The snow was terrible. I bit it almost immediately. I picked myself up, dusted myself off, glanced down at my board, and OOOOOHHHH SHIITTT the GoPro was gone! My heart dropped, and I quickly scanned the hill when, off to my left, I spotted a GoPro-sized object bouncing rapidly toward a cliff below. I mentally calculated its trajectory and speed vector for about half of a millisecond, decided I might be able to intercept it before the cliff, and shot off to catch it.

Bounce.
Bounce.
Bounce bounce.
SMACK.
Thunk.

I got below it and hit it with my board just as I crossed its bouncing path, launching it into the air, and I dove and caught it, sliding and stopping about 20 meters from the cliff. I shoved it into my pocket and scooted off to the right out of the cliff danger zone. I sat down, re-attached the thing to my board, and, heart now thoroughly jump-started, I continued down the hill.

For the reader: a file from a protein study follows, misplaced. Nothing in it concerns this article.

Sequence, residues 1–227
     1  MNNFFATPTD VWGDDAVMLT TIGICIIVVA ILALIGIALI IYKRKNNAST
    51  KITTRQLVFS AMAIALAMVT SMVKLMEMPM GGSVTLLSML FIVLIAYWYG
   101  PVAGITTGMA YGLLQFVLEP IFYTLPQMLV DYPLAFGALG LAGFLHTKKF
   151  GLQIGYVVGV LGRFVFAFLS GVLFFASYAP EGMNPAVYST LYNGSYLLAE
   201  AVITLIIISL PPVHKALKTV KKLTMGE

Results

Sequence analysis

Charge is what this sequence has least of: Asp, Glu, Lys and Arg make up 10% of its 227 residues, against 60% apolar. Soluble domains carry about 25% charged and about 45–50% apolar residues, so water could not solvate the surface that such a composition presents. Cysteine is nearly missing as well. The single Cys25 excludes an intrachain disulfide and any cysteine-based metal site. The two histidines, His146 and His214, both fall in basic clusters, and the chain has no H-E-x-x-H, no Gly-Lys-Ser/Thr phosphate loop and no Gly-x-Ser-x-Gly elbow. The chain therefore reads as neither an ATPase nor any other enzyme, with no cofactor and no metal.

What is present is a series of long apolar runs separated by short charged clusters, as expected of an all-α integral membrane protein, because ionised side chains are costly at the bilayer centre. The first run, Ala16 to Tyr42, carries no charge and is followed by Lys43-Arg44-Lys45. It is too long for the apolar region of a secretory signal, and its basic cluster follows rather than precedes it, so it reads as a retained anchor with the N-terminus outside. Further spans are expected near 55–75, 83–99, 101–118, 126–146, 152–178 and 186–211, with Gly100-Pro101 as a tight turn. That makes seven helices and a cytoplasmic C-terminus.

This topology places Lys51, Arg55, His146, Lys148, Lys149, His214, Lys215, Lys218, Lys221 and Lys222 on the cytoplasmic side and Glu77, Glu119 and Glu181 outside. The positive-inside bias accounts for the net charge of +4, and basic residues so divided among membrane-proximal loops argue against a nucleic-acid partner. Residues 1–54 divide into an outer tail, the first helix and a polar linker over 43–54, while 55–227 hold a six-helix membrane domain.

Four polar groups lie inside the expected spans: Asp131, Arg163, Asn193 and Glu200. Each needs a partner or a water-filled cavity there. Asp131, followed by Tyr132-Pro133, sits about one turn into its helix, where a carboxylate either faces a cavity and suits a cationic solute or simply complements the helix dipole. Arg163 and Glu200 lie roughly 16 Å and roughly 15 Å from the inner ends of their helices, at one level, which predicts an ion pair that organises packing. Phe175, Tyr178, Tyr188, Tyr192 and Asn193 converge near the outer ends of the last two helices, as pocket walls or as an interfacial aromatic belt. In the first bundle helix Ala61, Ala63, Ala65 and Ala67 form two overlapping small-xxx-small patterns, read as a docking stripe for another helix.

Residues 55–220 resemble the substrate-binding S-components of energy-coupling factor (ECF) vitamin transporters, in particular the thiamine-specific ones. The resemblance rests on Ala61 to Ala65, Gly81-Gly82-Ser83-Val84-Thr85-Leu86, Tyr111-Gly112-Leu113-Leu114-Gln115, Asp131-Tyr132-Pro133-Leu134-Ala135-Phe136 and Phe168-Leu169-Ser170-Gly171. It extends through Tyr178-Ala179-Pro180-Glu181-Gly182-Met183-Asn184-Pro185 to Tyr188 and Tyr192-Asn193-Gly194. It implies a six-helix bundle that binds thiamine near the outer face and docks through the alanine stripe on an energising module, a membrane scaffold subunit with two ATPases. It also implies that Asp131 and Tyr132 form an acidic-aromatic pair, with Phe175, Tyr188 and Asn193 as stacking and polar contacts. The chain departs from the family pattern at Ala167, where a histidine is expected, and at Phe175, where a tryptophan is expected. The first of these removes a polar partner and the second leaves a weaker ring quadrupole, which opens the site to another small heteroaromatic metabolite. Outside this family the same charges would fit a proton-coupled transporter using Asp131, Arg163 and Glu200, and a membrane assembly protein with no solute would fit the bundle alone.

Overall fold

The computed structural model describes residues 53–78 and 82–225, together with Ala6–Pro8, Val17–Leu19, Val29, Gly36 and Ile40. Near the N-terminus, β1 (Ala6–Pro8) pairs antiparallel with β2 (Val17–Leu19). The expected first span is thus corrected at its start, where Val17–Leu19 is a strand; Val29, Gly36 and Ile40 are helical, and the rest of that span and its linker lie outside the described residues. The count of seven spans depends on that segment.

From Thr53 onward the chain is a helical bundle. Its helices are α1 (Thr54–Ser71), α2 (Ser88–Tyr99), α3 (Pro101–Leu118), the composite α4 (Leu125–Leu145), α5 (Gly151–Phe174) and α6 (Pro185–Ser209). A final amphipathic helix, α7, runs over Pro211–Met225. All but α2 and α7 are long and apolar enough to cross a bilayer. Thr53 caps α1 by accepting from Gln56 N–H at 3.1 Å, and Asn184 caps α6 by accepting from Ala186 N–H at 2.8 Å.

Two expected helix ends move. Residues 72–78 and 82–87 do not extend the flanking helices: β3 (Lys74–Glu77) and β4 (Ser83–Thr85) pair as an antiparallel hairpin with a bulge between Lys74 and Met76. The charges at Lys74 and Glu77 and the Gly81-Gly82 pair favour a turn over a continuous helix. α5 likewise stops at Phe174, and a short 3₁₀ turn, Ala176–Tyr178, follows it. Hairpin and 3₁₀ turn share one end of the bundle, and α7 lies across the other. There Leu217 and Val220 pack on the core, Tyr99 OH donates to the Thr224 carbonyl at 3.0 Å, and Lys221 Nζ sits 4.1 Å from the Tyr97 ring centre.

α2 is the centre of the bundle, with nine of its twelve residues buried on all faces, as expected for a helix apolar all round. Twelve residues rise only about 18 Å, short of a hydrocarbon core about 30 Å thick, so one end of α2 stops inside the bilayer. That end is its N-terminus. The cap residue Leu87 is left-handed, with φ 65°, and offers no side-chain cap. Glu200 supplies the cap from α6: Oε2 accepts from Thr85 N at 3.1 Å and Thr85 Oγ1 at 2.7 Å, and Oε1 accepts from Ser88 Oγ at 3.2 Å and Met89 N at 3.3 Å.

Video of the snowboarding, including the GoPro bouncing down the hill


In retrospect I could have just let the damned thing go over the cliff and would probably have been able to pick it up from the snow beneath, but that didn't factor into my millisecond decision.


Those are not the cliffs I almost went over.

And then I boarded down, camera rolling, and "enjoyed" what could only be generously described as a "marginally satisfactory" run. I then skinned most of the way back up another ridge before cramponing the rest. Getting down from the ridge was a trick, involving some rock climbing with the splitboard on my back that I'd rate at around a 5.3 (super-easy if you're a rock climber climbing with protection and no snowboard on your back, scary as shit with the board on) to get down to snow. Once safely planted in snow, I boarded back down the other side on slow slush, then into a gully that I knew was snow bridged over a creek but it was that or fight through a mile of thick bushes, so I crossed my fingers and bombed it, bracing myself for a swim and stopping just in time to avoid going over a rocky waterfall.